To The Millenials: Come, Learn, Stay

The path to anything you want is worth the journey. You may be tempted to shy away from the journey and the waiting and move on to the low hanging fruit. But I’m here to promise you that if you stay on the higher path, there are just a finite number of steps you need to take to get you where you want to go.

You can know for certain whether we are a good fit for you by asking yourself these two questions: How many people do you know today who understand your business and the type of customers you need? How many of those people are committed to going out of their way to help you grow your business?

If that number is less than thirty, then you should look closely at joining an NIA® group.

As you come to NIA® and allow yourself to integrate into our culture, you will become a master at networking. This will set you apart from your peers. You—who understand how to apply the law of the farm and build meaningful, mutually profitable relationships in every area of your universe—will be in a better position than your competitors in business and in life.

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To The Millenials: A Purpose

We also want to help you find your dream and your purpose. We will do that by first lending you ours. You will find that the best way to find yourself—your passion, your drive, your vision—is to first lose yourself in service. Your unique talents and passion for helping others will in turn help others who may be less fortunate.

We recognize the value of service, which is why we create service opportunities for all of our group members. Other networking groups don’t have time or even an interest in community service because they are so absorbed in the volunteer labors of managing their groups. Community service isn’t even on their radar. But with NIA®, this is the core of our culture—giving back to the communities that have been so good to us. It’s about making an offering of our talents and gifts, while also understanding that what we put out there comes back to us a hundred-fold.

As we thoroughly discussed in Building Your Community Through Service, every group is required to do an annual community service project. Every group has to find something to get behind in order to give back to their community. You will have an equal say within your group as you come up with ideas of what to do. The group members themselves are responsible for selecting their cause because we understand that you already have causes that are close to your heart. The first gift we ask of you is that you share that cause with us and let us get behind it with you.

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To the Millennials: A Learning Opportunity

This is what networking is truly about. This is why we make it such a high priority to first set these expectations with our members and to teach them what true networking is all about. Most groups don’t teach networking. Honestly, I can’t think of a single other group that does. You just have to show up and perform the best you know how. At the end of the day, it’s a game of survival of the fittest. You sink, or you swim. However, networking is not a game of luck. It is a game of strategy.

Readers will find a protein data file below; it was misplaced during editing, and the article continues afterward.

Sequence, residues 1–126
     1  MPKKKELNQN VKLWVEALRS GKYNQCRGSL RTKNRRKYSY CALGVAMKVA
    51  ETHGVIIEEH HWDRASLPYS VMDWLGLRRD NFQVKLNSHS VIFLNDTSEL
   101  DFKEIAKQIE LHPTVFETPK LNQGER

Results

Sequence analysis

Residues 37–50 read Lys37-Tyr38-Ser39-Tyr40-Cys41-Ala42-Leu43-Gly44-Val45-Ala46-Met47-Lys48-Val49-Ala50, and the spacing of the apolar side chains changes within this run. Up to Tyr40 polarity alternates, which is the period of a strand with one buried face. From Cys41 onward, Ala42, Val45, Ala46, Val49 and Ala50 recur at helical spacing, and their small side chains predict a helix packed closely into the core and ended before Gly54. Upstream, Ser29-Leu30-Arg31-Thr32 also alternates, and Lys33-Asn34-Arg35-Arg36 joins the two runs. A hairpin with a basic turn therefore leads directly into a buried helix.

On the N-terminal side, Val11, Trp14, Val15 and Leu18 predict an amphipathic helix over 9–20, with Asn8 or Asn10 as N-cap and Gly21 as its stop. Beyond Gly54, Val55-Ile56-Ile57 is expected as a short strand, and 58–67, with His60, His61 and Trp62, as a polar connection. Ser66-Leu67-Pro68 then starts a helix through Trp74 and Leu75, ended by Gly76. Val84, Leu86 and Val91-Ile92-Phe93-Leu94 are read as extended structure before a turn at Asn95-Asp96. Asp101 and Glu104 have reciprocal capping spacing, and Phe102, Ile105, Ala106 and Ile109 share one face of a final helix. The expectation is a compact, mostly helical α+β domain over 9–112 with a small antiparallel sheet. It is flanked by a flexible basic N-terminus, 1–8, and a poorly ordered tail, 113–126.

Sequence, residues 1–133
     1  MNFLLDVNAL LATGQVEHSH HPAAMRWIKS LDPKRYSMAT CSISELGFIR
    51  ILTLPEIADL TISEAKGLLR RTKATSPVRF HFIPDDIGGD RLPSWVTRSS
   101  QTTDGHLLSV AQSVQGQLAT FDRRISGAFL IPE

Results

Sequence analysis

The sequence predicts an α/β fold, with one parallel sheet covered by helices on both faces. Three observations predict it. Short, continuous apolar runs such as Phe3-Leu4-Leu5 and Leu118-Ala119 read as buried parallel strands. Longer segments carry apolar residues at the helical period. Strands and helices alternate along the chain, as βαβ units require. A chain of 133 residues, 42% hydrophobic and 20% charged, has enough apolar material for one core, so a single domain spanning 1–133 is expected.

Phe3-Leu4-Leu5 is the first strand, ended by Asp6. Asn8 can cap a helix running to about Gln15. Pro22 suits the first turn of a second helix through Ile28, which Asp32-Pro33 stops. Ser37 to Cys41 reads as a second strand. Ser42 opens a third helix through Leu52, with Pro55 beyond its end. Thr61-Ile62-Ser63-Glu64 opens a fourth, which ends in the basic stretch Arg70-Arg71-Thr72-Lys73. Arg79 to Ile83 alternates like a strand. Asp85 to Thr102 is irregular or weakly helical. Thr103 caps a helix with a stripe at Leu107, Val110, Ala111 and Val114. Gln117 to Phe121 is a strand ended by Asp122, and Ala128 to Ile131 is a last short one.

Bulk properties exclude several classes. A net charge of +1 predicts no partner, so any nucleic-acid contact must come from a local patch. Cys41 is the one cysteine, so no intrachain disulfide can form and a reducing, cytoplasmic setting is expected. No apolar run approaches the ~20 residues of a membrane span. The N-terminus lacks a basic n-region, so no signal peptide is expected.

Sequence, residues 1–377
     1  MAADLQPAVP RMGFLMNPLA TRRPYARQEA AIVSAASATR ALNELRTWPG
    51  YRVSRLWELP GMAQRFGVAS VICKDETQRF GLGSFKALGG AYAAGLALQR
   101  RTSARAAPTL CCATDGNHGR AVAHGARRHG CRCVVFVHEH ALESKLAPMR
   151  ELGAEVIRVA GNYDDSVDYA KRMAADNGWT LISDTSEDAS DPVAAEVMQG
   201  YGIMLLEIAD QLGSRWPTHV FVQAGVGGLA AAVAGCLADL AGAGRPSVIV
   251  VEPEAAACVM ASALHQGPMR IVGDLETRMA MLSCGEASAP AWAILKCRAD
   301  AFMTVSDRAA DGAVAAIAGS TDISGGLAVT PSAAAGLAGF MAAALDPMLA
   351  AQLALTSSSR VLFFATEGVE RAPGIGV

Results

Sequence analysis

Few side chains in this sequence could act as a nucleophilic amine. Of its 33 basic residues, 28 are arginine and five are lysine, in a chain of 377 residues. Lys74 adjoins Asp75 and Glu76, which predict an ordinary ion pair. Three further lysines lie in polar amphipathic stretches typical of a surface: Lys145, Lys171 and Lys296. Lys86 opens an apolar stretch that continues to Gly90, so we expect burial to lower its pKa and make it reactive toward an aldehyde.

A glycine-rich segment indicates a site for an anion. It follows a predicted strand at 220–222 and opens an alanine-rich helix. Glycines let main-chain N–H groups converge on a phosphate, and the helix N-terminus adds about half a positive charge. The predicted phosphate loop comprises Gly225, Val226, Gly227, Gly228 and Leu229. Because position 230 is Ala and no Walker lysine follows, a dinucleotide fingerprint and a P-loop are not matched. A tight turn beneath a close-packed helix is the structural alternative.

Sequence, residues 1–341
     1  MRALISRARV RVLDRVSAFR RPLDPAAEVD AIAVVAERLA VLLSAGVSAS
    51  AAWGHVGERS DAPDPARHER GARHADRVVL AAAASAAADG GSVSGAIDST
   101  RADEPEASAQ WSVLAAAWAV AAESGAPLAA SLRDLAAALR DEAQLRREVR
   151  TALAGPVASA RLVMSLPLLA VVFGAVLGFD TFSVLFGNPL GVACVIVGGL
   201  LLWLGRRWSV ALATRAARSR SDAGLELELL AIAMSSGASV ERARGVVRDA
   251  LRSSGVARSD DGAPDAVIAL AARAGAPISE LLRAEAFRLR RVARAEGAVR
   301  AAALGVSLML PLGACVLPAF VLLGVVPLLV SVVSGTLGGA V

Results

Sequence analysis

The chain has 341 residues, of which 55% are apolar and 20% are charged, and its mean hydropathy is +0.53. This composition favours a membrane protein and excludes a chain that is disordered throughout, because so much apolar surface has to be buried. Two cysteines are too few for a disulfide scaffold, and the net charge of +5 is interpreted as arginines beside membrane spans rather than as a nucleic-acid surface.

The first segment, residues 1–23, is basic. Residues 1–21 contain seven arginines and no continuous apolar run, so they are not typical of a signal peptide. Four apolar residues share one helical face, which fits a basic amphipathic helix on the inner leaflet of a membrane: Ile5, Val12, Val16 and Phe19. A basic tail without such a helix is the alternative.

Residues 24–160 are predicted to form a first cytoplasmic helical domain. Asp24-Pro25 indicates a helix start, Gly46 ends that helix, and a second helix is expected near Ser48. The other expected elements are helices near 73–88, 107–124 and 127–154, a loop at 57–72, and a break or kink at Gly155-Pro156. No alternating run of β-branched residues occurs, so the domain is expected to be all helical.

At NIA®, we will hand you the playbook for successful networking practices. Your group leader will work with you, one-on-one if necessary, to help you master the techniques that will bring you success. This is not some vague concept of success, either. Your success in NIA® is first measured by the minimum ROI that you and your group leader have agreed you must have within your first year. That success is our guarantee.

We will teach you about the importance of relationships and the law of the farm. We will show you the ins and outs of successful networking so that you can easily grow your business and your network. It’s imperative that you learn these skills—not just for your sake, but for ours. You are the next generation of leaders! There are nuances to leadership and relationships that you can’t learn without being steeped in that culture. At NIA®, we want to be a part of your growth.

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To the Millennials: Planting Seeds

I had a young guy join one of our Houston groups who worked for a telecommunications business. He was very socially forward and made friends fast. People warmed up to him and he warmed up to people easily. After being in the group about four months, he changed companies and wanted to drop out of NIA® because he didn’t think it was a good fit for him anymore. He wanted to spend his time exclusively with owners of large companies who had “multiple phone lines and needed massive telecommunications needs.” So, he was looking at the people in the room and saying, “These people can’t help me.”

I told him, “It works for every industry, but it doesn’t work for every person.” That means that every industry can benefit from networking, but not every person knows how to make that happen. He didn’t understand that he wasn’t there to get business from the pest control guy or to be hired by the CPA. He was there to gain access to the hundreds and thousands of people they knew within their churches, communities, families, and schools. This is a mistake that a lot of people make. They don’t understand that these relationships are the doorway to the real harvest. He was only focusing on the low-hanging fruit. He also failed to realize how much he, personally, had to offer the group.